Last year's winner Kristoff Allegaert became the first rider to pass the Stelvio checkpoint on Monday evening, and now has a solid lead in the second TransContinental Race, which left London for Istanbul on the morning of Saturday August 9.
Allegaert, from Belgium, has covered over 1,300 km at the time of writing, and is storming across Europe, ahead of second-placed Josh Ibbett (UK) who is climbing the Stelvio this morning.
Eighty-nine riders set out from London at 8am on Saturday, including seven women, making this year's field almost three times bigger than last year's inaugural edition.
In 2013 only one woman started, round-the-world record holder Juliana Buhring. Her ninth place finish, ahead of the majority of the men, seems to have inspired more women to have a go this year.
Riders in the TransContinental race entirely unsupported, carrying all their gear with them. They choose their own routes between the start and finish with just three compulsory checkpoints on the way.
This year they must visit the Cafe Reveil au Matin, where the first Tour de France began in 1903; the top of Italy's famed Stelvo Pass with its 48 switchbacks; and Mount Lovcen National Park in Montenegro.
Race director Mike Hall says the TransContinental carries on the tradition of the early epic 'Randonneur' races.
He said: “Ordinary people entered those races, there were no superstars and no help from huge teams of helpers in tow. It was show up with a bike and race, and pretty much anyone with the audacity could have a go and the distances covered were vast.”
New checkpoints in this year's race mean riders will have to take a slightly longer route than last year. The first racer is expected in Istanbul on Saturday August 16 or Sunday August 17, and will have covered about 3,500km. However, the way Allegaert is chewing Europe in big mouthfuls, he might just beat his 2013 time of 7 days 13 hours 45 minutes.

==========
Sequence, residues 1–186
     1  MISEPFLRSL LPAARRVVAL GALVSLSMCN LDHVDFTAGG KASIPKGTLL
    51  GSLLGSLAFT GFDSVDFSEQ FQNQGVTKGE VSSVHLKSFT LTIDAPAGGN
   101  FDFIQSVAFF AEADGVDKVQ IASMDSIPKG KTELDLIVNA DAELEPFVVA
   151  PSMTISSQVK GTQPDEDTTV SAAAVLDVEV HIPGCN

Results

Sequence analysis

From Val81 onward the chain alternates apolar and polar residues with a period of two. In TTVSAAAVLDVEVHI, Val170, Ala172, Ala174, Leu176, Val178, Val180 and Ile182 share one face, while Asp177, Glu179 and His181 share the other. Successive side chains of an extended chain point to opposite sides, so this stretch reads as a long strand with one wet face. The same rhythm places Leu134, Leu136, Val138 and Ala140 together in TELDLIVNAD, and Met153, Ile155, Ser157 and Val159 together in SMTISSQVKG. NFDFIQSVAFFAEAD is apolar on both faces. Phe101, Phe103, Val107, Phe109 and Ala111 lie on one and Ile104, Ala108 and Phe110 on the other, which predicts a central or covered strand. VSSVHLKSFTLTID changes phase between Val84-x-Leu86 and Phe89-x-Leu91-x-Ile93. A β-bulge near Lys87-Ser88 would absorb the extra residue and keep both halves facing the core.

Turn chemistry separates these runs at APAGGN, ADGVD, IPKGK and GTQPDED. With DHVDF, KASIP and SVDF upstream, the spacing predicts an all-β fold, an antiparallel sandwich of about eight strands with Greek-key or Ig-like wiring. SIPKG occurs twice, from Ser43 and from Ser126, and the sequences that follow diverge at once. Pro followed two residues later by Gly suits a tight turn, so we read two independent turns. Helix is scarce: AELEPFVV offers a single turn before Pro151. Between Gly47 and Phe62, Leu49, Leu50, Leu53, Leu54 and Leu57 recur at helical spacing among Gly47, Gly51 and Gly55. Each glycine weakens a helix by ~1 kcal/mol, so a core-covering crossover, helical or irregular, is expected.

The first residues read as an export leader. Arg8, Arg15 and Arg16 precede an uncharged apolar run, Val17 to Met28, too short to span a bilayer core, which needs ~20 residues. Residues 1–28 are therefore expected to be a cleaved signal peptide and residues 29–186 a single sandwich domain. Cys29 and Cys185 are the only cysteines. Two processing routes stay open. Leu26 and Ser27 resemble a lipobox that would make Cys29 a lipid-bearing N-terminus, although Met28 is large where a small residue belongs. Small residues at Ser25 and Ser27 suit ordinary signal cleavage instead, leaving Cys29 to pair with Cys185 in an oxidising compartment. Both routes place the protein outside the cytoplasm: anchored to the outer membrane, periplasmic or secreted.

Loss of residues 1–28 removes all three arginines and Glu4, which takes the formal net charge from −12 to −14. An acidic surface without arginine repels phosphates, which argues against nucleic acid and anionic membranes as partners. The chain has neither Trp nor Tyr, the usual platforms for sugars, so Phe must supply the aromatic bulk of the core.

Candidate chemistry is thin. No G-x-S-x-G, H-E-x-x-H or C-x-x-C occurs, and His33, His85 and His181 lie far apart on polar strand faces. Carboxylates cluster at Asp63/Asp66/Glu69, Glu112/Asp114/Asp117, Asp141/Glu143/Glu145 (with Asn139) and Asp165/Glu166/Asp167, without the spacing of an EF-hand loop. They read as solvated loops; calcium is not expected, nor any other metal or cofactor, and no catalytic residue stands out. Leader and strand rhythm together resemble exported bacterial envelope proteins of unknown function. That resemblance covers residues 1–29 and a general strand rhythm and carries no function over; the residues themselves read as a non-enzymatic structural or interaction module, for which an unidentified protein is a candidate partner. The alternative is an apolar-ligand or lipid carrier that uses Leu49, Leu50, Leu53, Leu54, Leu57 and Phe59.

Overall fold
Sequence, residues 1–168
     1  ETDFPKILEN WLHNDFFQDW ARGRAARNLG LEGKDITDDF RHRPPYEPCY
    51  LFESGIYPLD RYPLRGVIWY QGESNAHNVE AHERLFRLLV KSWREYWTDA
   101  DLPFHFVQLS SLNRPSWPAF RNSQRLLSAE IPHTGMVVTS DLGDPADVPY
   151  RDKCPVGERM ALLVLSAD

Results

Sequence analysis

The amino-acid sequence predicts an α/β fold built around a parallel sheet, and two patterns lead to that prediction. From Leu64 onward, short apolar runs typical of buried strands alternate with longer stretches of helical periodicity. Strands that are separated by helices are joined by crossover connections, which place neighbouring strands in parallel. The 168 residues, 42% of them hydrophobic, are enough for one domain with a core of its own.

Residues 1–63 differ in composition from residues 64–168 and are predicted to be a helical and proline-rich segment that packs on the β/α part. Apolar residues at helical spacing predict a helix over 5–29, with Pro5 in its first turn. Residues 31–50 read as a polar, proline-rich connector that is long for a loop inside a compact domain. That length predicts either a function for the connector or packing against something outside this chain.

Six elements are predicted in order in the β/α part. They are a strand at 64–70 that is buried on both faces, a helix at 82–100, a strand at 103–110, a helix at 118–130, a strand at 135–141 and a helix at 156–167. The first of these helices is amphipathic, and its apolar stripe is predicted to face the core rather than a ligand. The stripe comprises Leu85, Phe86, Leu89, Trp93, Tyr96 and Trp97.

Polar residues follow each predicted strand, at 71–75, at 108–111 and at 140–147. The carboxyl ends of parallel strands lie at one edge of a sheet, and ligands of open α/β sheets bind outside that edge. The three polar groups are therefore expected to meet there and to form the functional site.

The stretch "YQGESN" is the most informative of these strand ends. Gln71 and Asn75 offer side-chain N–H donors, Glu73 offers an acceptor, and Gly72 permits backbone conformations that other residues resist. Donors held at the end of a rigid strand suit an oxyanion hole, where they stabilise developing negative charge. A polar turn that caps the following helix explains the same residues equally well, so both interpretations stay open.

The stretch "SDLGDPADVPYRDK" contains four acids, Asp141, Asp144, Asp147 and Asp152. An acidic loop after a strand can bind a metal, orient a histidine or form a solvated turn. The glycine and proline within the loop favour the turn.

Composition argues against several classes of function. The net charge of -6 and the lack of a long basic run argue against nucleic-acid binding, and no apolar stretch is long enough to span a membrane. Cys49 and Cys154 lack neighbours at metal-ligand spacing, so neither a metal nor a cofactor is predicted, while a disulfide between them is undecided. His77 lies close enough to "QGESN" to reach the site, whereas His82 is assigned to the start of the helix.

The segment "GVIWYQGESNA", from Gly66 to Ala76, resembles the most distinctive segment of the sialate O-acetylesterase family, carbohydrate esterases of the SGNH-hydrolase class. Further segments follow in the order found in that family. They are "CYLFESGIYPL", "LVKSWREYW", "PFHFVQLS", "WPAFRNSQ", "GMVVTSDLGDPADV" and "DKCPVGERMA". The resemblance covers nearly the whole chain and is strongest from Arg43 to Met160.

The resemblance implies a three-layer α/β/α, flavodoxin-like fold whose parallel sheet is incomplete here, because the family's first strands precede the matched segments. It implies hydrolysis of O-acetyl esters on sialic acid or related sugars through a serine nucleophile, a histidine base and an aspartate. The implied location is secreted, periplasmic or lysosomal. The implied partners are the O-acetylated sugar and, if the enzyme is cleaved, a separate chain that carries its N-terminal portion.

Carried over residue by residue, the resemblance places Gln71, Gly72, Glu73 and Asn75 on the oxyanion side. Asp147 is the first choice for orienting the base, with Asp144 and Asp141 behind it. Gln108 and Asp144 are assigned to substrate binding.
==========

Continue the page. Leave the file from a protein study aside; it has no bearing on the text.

For lots more about the TransContinental Race and to follow the progress of the riders, see Transcontinentalrace.com.
John has been writing about bikes and cycling for over 30 years since discovering that people were mug enough to pay him for it rather than expecting him to do an honest day's work.
He was heavily involved in the mountain bike boom of the late 1980s as a racer, team manager and race promoter, and that led to writing for Mountain Biking UK magazine shortly after its inception. He got the gig by phoning up the editor and telling him the magazine was rubbish and he could do better. Rather than telling him to get lost, MBUK editor Tym Manley called John’s bluff and the rest is history.
Since then he has worked on MTB Pro magazine and was editor of Maximum Mountain Bike and Australian Mountain Bike magazines, before switching to the web in 2000 to work for CyclingNews.com. Along with road.cc founder Tony Farrelly, John was on the launch team for BikeRadar.com and subsequently became editor in chief of Future Publishing’s group of cycling magazines and websites, including Cycling Plus, MBUK, What Mountain Bike and Procycling.
John has also written for Cyclist magazine, edited the BikeMagic website and was founding editor of TotalWomensCycling.com before handing over to someone far more representative of the site's main audience.
He joined road.cc in 2013. He lives in Cambridge where the lack of hills is more than made up for by the headwinds.